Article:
On another hand, the family of evolutionary algorithms (Del Jesus et al., 2007; Berlanga et al., 2006; Carmona et al., 2010) have attempted to exploit the wellknown concept of bioinspired algorithms to extract subgroups from data. One of their common particularities lies in the fact that they use fuzzy rules based description language.
Nevertheless, one of the main drawbacks of these two families of algorithms lies in the fact that they mainly use nominal or categorical variable as their attribute target. However, in real datasets the target variable may often be a numerical value. In such a case, the solution for using the previous algorithms was to discretize the target variable. This implies a loss of information, which is why a current evolution of the Pattern Mining algorithms seeks to overcome this limitation (Luna et al., 2014; Proença et al., 2020).
In the case of the subgroup discovery algorithms, it is implemented through association algorithms. Indeed, they have the objective to exploits various kinds of target variables: binary variables (Grosskreutz et al., 2008; Atzmueller & Puppe, 2006), categorical variables (Kavšek, Lavrač & Jovanoski, 2003; Mueller et al., 2009; Grosskreutz et al., 2008; Atzmueller & Puppe, 2006) and also numerical variables (Atzmueller & Puppe, 2006; Millot, Cazabet & Boulicaut, 2020). In this last category, Atzmueller and al. showed excellent results in (Atzmueller & Puppe, 2006) with the SDMAP algorithm. Although this method needs a discretization on the nontarget attributes, for years it was the reference in the domain. Very recently, Millot et al. have proposed the OSMIND algorithm (Millot, Cazabet & Boulicaut, 2020), which performs even better score than SDMap. Their method consists in a fast but exhaustive search without prior discretizations of the data, resulting in an optimal subgroup.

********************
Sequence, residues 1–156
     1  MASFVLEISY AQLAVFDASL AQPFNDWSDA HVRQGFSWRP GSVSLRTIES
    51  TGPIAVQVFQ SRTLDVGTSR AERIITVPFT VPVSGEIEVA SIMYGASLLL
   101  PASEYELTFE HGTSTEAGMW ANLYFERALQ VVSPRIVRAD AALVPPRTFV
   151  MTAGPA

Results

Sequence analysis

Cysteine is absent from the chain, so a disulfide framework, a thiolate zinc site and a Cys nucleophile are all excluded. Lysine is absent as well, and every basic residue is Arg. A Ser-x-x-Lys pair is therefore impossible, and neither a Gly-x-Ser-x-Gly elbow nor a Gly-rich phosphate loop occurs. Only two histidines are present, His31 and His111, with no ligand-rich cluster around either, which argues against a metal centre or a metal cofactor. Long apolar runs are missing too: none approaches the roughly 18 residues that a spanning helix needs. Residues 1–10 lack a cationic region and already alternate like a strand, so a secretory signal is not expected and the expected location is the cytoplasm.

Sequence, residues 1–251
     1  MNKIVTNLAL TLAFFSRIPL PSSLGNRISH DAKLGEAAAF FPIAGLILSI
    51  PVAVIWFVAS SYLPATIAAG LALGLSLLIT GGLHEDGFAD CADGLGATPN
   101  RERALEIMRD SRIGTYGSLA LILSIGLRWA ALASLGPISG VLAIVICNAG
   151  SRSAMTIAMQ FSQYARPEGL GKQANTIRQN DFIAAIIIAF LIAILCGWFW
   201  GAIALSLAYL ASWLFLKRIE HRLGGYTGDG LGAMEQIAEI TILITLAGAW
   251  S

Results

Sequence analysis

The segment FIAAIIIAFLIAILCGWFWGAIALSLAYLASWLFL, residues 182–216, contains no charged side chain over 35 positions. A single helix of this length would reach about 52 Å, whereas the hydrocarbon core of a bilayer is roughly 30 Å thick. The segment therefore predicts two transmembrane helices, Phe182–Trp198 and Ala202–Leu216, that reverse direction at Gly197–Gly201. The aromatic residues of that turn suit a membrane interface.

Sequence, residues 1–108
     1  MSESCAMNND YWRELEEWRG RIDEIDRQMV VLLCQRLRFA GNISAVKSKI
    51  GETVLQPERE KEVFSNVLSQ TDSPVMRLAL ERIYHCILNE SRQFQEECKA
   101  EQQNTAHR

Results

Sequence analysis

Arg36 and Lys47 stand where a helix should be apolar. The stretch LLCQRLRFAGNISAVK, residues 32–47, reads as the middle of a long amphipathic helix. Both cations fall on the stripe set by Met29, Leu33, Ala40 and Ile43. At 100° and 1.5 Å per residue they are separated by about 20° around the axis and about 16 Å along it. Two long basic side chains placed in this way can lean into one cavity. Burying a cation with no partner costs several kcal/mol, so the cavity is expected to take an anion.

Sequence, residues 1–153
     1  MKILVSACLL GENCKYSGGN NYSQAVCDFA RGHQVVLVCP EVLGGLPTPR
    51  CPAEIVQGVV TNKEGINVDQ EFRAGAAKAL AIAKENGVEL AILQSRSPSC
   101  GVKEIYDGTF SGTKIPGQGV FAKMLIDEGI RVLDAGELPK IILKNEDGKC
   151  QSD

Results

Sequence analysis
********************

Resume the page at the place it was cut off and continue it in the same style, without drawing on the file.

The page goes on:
Nevertheless, the multiple methods previously described only consider simple continuous intervals in the subgroup description. However, the possibility of identifying subgroups on discontinuous intervals would allow to have a more precise description of the subgroup and to increase its quality. For instance, let’s consider a dataset with an attribute $at{t}_{i}$. Even if good transactions lies in an interval $\left[a,b\right]$, a part of this interval $\left[{a}^{\mathrm{\prime}},{b}^{\mathrm{\prime}}\right]\subset \left[a,b\right]$ may display very low quality transaction, reducing the overall quality. Thus the objective of our approach aims to filter the low quality part and return the optimal interval that may be disjoint such as $\left[a,{a}^{\mathrm{\prime}}\right]\cup \left[b,{b}^{\mathrm{\prime}}\right]$ intervals. In this paper we present DISGROU, the first approach that extracts subgroups with discontinuous intervals in their subgroup description in order to highlight meaningful subgroups filtered from low quality parts.
DISGROU Algorithm
The main idea of the approach we propose is to identify, for each attribute, the ranges of values that must characterize the subgroups. Consequently, unlike the main approaches of the domain that only look at continuous intervals, the algorithm DISGROU searches for subgroups that can involve discontinuous intervals through possible unions on attributes.